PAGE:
1. Harvard Medical School, 2007. National Comorbidity Survey (NCS – 2017, August 21).
  2. Kessler RC, Chiu WT, Demler O, Merikangas KR, Walters EE., 2005. Prevalence, severity, and comorbidity of 12-month DSM-IV disorders in the National Comorbidity Survey Replication. Arch Gen Psychiatry. 2005 Jun;62(6):617-27.
  3. American Psychological Association (2019). “What Is Exposure Therapy?” Viewed online at https://www.apa.org/ptsd-guideline/patients-and-families/exposure-therapy on Feb. 24, 2023.
  4. Davies, C.D. & Craske, M.G. (2018). Exposure Strategies. In Hayes, S.C. & Hofmann, S.G. (Eds.), Processed-Based CBT: The Science and Core Clinical Competencies of Cognitive Behaviooral Therapy (285-297). Oakland, CA: Context Press.
  5. Wolpe, J. (1964). The Systematic Desensitization treatment of Neuroses. In Experiments in Behaviour Therapy. Oxford, England: Pergamon Press Ltd.
  6. Rachman, S. (1980). Emotional processing. In Behaviour Research and Therapy, Volume 18, Issue 1, 51-60.
  7. Foa, E. B., & Kozak, M. J. (1986). Emotional processing of fear: Exposure to corrective information. Psychological Bulletin, 99(1), 20–35.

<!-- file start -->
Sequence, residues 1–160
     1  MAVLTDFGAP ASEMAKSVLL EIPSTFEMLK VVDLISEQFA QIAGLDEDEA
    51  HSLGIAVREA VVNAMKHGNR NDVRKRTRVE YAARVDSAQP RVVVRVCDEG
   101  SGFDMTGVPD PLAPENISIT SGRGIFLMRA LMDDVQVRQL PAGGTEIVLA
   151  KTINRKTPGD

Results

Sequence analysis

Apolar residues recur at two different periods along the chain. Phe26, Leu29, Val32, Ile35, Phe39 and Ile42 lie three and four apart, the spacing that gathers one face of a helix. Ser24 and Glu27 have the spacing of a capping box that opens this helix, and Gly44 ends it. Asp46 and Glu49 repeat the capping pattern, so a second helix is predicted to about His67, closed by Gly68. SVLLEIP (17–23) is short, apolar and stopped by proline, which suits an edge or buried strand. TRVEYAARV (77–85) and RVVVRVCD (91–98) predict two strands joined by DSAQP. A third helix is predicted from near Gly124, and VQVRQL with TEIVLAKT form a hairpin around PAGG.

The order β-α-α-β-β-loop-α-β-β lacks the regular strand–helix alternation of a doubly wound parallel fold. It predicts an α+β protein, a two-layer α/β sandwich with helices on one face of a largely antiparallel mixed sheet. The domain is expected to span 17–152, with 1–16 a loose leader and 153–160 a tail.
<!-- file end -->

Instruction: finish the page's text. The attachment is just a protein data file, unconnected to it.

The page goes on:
8. Barlow, D. H. & Craske, M. G. (1989). Mastery of Your Anxiety and Panic. Albany, NY: Graywind Publications.
  9. Ibid, (1990). Mastery of Your Anxiety and Panic – Therapist Guide. Albany, NY: Graywind Publications.
  10. Hayes, S. C.; Strosahl, K. D.; Wilson, K. G. (1999). Acceptance and Commitment Therapy: An Experiential Approach to Behavior Change. New York: Guilford Press.
  11. Antony, M. M. & Swinson, R. P. (2000). Phobic Disorders and Panic in Adults: A Guide to Assessment and Treatment. Washington, D.C.: American Psychological Association.
  12. Ehrenreich-May, J. & Coyne, L.W. (November 2022), Shaping       Bravery: A Clinical Demonstration of Shared Processes Across ACT and CBT That Target Youth Anxiety and Avoidance. Master Clinician Seminar, Association of Behavioral and Cognitive Therapy.
  13. Craske, M. G., Treanor, M., Conway, C., Zbozinek, T., & Vervliet, B. (July 2014). Maximizing Exposure Therapy: An Inhibitory Learning Approach. Behav Res Ther. 2014, 58: 10–23.
  14. Brach, T. (2003). Radical Acceptance: Embracing Your Life with the Heart of a Buddha. New York: Bantam Books.
  15. Sewart, A. R., & Craske, M. G. (2020). Inhibitory learning. In S. Abramowitz & S. M. Blakey (Eds.), Clinical handbook of fear and anxiety: Maintenance processes and treatment mechanisms (pp. 265–285). American Psychological Association.